My mother in law is genetically predisposed to Alzheimer's, I know because I had my husband tested and he is positive for two copies of the apoe4 variants. His grandfather (my MIL's father) died of dementia.

My MIL has recently started to get pretty combative with me. She insists I tell her things I've never told her. We were at the park a few days ago and she went up to a random woman and started asking her questions, then came back to me and said, "You told me that was your neighbor's nanny!!" I definitely didn't, but she kept insisting I did.

This is just one instance. It's probably happened over 15 times now that she brings up something I told her, that I literally never said. I try to discuss this with my husband but he just gets upset. Here's the thing - she seemingly only does this with me. She definitely doesn't do this with my husband, who she's much more friendly to.

She is 75, eats very poorly and does not exercise. I'm a nutritionist and know the importance of diet, exercise and overall healthy lifestyle for prevention, but my husband thinks she would never even try to change.

I really want my mother in law to live a long, healthy life. I want my son to grow up with her and my husband would be devastated if she developed dementia like his grandfather. Is there anything I can do? Am I overreacting?

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Since MIL is 75 years old, I'm not sure that I would focus on trying to change her diet or regular routine, if that's what she enjoys, unless her doctor insisted, although, great choices over the course of years, certainly helps with health. Most seniors want to enjoy their senior years. I have no issue with that.

I'd likely make a list of what you have observed about her and provide it to her doctor, if that is possible. Do you attend visits with her? I took my list and slipped it to the front desk person and said, Doctor needs to see this before exam. It proved quite helpful, because it gave the doctor heads up on what was happening. Of course, they need to rule out other things, like UTI, other infections, medication issues, vitamin deficiencies, etc. But, he can also do a mini evaluation in the office. That night not mean much, though, since some days, people with cognitive decline have good days and seem fine. You can discuss with the doctor on how to precede and what to watch out for.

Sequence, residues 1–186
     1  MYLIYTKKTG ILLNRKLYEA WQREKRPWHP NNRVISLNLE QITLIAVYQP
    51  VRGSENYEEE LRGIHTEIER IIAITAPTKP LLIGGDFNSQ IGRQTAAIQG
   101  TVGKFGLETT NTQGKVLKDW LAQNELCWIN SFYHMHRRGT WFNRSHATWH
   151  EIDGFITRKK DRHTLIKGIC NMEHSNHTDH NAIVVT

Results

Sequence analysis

The fact that she may have words with you and not others isn't that uncommon. My LO was that too in the beginning.

I'd find out what is causing her behavior. If that can be done, maybe husband will listen. If he is going to be mom's caretaker, he'll need to step up and accept reality, though. I hope you can find some answers.
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It might be a good idea to take your MIL to the doctor to report these new behaviors.

This is your MIL? I'd be concerned about your husband not wanting to discuss his mother's health because it causes him to become upset. If you're going to be taking care of his mother, he needs to be involved.

I don't think you're overreacting but have your MIL tested first before becoming too alarmed.
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